Re: g_utf8_validate() and NUL characters
- From: "Freddie Unpenstein" <fredderic excite com>
- To: behdad behdad org
- Cc: gtk-devel-list gnome org
- Subject: Re: g_utf8_validate() and NUL characters
- Date: Thu, 09 Oct 2008 22:41:54 -0400
From: "Behdad Esfahbod", 10/10/2008 10:33
> Freddie Unpenstein wrote:
>> Why not just adopt the old thing of encoding NULLs and other non-UTF-8
>> characters as safe UTF-8 equivelants...?
> Because they are not valid UTF-8? And the moment we give up dealing with
> valid UTF-8 a whole other can of worms opens up.
I am aware of the trouble allowing multiple encodings of a given character can cause. And I'm not suggesting that at all. If you're referring to anything other than that, please expand on that a little.
My assertion here is basically this; ASCII text (defined here as characters 1-127) encode into UTF-8 as-is. Anything else in the 0-255 set is considered binary, and should be encoded in its shortest multi-byte UTF-8 form. No more, and no less. Call it Glib encoding.
I believe, that differs from the UTF-8 specification ONLY in the handling of the NULL byte, but then I've been avoiding dealing with UTF-8 for the most part for exactly this reason. When UTF-8 is a strict issue, I've been using higher-level scripted languages instead, that already deal with it natively. (And I'm not 100% certain, but I think that's essentially what they all do.)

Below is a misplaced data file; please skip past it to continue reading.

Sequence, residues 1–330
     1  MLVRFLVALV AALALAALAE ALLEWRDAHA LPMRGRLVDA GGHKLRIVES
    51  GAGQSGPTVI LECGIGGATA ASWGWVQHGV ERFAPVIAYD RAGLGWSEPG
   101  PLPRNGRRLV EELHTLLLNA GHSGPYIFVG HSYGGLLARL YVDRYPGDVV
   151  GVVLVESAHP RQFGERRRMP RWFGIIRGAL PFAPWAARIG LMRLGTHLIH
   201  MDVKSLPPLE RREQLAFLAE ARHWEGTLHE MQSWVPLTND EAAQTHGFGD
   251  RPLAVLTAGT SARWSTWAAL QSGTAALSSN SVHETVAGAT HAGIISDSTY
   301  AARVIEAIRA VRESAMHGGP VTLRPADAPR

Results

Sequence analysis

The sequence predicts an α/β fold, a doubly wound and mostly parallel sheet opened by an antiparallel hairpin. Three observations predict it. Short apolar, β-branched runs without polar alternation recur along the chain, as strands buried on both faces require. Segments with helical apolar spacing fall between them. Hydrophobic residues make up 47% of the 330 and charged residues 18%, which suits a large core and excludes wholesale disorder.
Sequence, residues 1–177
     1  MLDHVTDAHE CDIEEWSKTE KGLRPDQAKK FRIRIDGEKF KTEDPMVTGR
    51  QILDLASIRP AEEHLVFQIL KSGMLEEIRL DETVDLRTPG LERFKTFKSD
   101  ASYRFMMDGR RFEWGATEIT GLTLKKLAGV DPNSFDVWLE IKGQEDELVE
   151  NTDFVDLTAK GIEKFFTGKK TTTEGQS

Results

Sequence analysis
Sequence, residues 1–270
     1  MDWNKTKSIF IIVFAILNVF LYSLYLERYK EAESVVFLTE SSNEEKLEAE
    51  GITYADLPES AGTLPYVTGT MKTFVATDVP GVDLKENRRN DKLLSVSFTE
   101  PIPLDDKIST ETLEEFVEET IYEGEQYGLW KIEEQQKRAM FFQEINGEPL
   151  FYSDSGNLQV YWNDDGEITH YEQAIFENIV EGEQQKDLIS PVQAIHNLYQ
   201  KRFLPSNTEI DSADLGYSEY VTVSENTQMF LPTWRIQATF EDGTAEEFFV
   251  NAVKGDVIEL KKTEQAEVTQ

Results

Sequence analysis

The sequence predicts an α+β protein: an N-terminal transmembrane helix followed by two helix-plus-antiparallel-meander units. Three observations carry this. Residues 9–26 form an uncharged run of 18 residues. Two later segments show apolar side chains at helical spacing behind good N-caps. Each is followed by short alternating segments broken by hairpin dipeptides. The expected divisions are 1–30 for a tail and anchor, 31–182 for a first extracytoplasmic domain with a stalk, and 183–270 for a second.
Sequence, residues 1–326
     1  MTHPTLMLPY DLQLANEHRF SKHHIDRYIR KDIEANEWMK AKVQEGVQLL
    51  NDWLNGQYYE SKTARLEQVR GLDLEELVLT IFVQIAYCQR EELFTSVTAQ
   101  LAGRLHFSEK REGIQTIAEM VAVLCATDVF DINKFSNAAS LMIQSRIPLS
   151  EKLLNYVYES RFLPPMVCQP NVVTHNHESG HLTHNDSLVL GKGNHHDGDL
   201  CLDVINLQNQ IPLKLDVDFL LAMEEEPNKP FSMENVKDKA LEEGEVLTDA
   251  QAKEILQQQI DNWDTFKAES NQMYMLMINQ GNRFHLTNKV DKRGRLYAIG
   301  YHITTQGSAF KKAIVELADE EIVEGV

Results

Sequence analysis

A "convert to UTF-8" function given a UTF-8 input with a 6-byte representation of the character 'A' would store the regular single-byte representation. Likewise, given a 1 or 4-byte representation of NULL, it would store the 2-byte C080 representation. A generic "convert input to Glib" function which takes the input data and its encoding, and produces "UTF-8 for internal use only" (aka Glib encoding here), would assert that rule even for UTF-8 input. Likewise a "convert Glib to output" function, asked to produce UTF-8 output, would convert whatever it's given to it, into STRICT UTF-8 (ie. restore C080's to their one-byte \0 representation). So the rule of thumb would be, "ALWAYS convert EVERYTHING entering or leaving the application". And that's a Good Thing that should be encourages regardless of this issue.
I know it's a bit of a mind-bend from where Glib/GTK is right now with encodings, Glib/GTK developers don't like hearing from us lowly humans, and there's always resistance to change, but specifications often change when needed to meet practical requirements (no one has ever written a 100% perfect specification), and personally, changing the platform and established behaviour (much harder and more dangerous to attempt to do) to suit the UTF-8 specification in this rather trivial issue seems far more wrong than breaking the UTF-8 specification slightly for internal use only. (The key being the "for internal use only", all "convert to UTF-8" functions would still produce the strict interpretation with \0's) It seems furthermore to be more correct in this day and age to bend a rule like this that makes it SAFER by allowing the old NULL-terminated string handling to function, and not force programmers to deal specially with length specifiers, which happens to all too frequently be a great source of coding mistakes. This would also make it easier to migrate, for example, to UTF-16 at some point in time - everything will already be converting between UTF-8 to Glib-8, so transitioning to Glib-16 would be an entirely internal affair.
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